“O pines, whisper to Jesus. . . Goose-flesh came on my skin though there still was neither chill nor wind.”
Toomer, Jean. “Becky.” Cane, p. 10
The story is revealed to be narrated from the first-person perspective. How does the differ when told in this perspective, as opposed to third-person? It suggests to me the narrator is expression a modicum of guilt. The perspective reads as a confession of his and the community’s culpability in the ostracization of Becky and her sons.
“It was Sunday. Our congregation had been visiting at Pulverton, and were coming home. There was no wind. The autumn sun, and bell from Ebenezer Church, listless and heavy” (Toomer 10).
Cane, Jean Toomer, p. 10
Switching between staccato sentences and longer sentences makes the passage seem more raw and real as it mirrors how thoughts form. The shorter sentences create breaks in the flow of the passage to emphasize the importance of smaller details in the setting of the vignette.
“Cotton bales are the fleecy way
Weary sinner’s bare feet trod,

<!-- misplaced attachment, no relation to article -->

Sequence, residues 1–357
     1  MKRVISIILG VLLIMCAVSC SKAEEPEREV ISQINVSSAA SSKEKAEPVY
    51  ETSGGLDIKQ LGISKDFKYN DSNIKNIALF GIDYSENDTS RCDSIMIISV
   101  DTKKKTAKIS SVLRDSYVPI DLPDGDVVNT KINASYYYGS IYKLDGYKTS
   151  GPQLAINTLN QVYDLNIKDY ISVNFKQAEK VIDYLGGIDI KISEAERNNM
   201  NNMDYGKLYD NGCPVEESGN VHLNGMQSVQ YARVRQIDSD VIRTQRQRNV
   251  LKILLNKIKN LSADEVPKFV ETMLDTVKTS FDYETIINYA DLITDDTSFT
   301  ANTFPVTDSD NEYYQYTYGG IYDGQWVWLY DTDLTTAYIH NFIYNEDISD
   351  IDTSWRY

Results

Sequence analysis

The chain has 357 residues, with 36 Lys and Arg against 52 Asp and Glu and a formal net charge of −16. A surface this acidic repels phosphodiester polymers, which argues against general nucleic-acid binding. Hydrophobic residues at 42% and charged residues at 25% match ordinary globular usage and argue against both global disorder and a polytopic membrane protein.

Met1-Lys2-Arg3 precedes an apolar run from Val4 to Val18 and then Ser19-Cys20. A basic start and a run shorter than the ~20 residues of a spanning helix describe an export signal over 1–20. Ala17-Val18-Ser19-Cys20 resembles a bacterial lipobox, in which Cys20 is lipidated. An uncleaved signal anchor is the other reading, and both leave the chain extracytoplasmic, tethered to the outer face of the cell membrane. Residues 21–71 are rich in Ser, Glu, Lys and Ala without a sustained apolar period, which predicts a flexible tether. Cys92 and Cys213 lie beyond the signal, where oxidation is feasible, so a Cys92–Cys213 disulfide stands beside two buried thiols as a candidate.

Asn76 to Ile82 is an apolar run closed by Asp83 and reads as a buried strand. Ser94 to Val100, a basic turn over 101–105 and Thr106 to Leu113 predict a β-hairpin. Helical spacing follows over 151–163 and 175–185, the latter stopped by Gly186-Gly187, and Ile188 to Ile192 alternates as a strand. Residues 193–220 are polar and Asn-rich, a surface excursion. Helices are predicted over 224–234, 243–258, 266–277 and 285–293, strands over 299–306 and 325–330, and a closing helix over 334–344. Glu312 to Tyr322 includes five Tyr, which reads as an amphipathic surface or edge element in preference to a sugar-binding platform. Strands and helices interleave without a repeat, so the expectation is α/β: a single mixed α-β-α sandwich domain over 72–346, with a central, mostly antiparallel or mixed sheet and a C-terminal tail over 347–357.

Softly, softly to the throne of God,
’We ain’t agwine t wait until th Judgement Day!’”
– Toomer’s Cane, “Cotton Song”
This shows an obvious poetic form, which is present through the whole piece but the composition really hammers this in, allowing description to become poetic in a way that isn’t too descriptive. While there’s less description, there are still word choices that characterize in a powerful way
Hair- silver gray, like streams of stars, Brows- recurved canoes quivered by the ripples blown by pain, Her eyes- mist of tears condensing on the flesh below And her channeled muscles are cluster grapes of sorrow purple in the evening sun nearly ripe for worms
Cane, Jean Toomer, p. 14
The passage implies a distortion or lack of beauty that is still romanticized, giving the narrative a melancholic feel and possibly foreshadowing the novel’s unconventional perspectives on its other themes.
“Significance. Superstition saw
Something it had never seen before:
Brown eyes that loved without a trace of fear,
Beauty so sudden for that time of year.”
–Cane, Jean Toomer pg 7